Sodomy Supporters Hijack World Meeting of Families

by David Nussman  •  •  February 20, 2018   

Preparatory video titled "God's Mercy: No One Excluded" normalizes homosexuality

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DUBLIN ( - Pro-gay activists in the Church are hijacking the World Meeting of Families.

A recent video for the 2018 World Meeting of Families (WMOF) in Dublin, Ireland, promotes the sin of homosexuality. The 13-minute "preparatory catechesis" video features individuals talking personally about their family situation.

The first person on camera is a lady speaking about her father, who passed away rather young.

The pro-gay propaganda starts soon after. The second person in the WMOF video begins, "The fact that I'm gay has never been a huge problem in my family situation."

"I came out to my parents when I was about 20," she continues. "You know, I'm not going to say, 'Oh, they were absolutely delighted.' But they were amazing, they were very good about it."

Another woman in the video, identified as Gemma, tells of her son "coming out" as gay. She says, "My son came out when he was 27, and I was quite ignorant at the time as regards gay people, and, you know, didn't really understand."

Gemma met with a group of parents of gay children "in the north of Ireland." The members of this group decided the words of the catechism on homosexual behavior were offensive.

She complains in the video, "I got involved with a group of parents in the north of Ireland and spent quite a lot of time with them. And those very words — 'intrinsically evil' and 'disordered' — really upset us."

The mother continues, "So I felt hurt at those words, I felt angry."

Gemma also brags she redirected her anger creatively, toward "helping" other parents of gay children.

"I always had it in mind," she says, "that whatever I did, I wanted to work, somehow, within the framework of the Catholic Church."

Gemma even claims, "I know having a gay son has really motivated me to strive to be a much better, better Christian and to be much more inclusive."

And those very words — intrinsically evil and disordered — really upset us.

She then describes how she went to speak with a priest about her gay son Stephen and shared with the priest her frustration with the Church. After she shared her story, the priest welcomed and flattered Gemma.

She recalls, "I will say I got a powerful response from that priest. He really cloaked my story with a great dignity. He asked me to put some of my story on paper."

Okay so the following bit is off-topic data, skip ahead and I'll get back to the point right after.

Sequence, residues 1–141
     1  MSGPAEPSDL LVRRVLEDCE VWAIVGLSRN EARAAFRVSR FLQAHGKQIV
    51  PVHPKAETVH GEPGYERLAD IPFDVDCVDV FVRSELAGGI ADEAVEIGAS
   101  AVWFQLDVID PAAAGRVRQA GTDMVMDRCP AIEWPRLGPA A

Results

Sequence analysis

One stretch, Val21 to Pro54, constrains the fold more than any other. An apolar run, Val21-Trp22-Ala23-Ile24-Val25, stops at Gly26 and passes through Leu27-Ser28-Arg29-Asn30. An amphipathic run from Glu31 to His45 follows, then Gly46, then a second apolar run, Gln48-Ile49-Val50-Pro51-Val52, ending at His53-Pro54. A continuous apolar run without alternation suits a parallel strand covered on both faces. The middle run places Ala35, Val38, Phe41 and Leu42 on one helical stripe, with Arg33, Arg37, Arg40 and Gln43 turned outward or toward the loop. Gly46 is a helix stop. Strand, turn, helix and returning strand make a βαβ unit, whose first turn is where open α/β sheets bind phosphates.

Gemma finishes sharing her story by speaking ambiguously about "dignity" and how "every child that comes into the world" has this "dignity."

While what she says is literally true at face-value, the context and word-choice suggest she is subtly endorsing homosexuality. The word "dignity" is a buzzword for the LGBTQ community; in fact, "Dignity" is also the name of a dissident "Catholic" pro-gay organization.

Also in the video is Irish-born Bp. David O'Connell, auxiliary bishop of the archdiocese of Los Angeles. Bishop O'Connell related in the video what he tells families at Mass around Thanksgiving, Christmas and Easter.


Irish-born Bp. David O'Connell is featured prominently in the

WMOF video.

The auxiliary bishop says he tells Mass attendees, "I want you to know, no matter what your situation is — if you're divorced and remarried, if your family's falling apart, if you're alone trying to raise your children, if you're [in] a second marriage — that Christmas is for you; above all others, Jesus came for you."

Bishop O'Connell says he affirms to these people God's love for them, reminding them that Jesus came to save sinners.

Also in the WMOF video was a refugee from Africa; a teenage girl who was happy to have a little sister; a young man with a physical disability struggling to speak; and an older gentleman who has been married for decades and has grandchildren. It is especially moving to watch the young man in a wheelchair working so hard to try to talk.

Bishop O'Connell was on camera again at the end of the video, saying, "As Pope Francis again says, there are lots of things the Church can give to the world: dogma and teachings and canon law and a sense of vision for life. And it's all grand. But, to quote the song, 'what the world needs now' is some, some kind of an outpouring of compassion."

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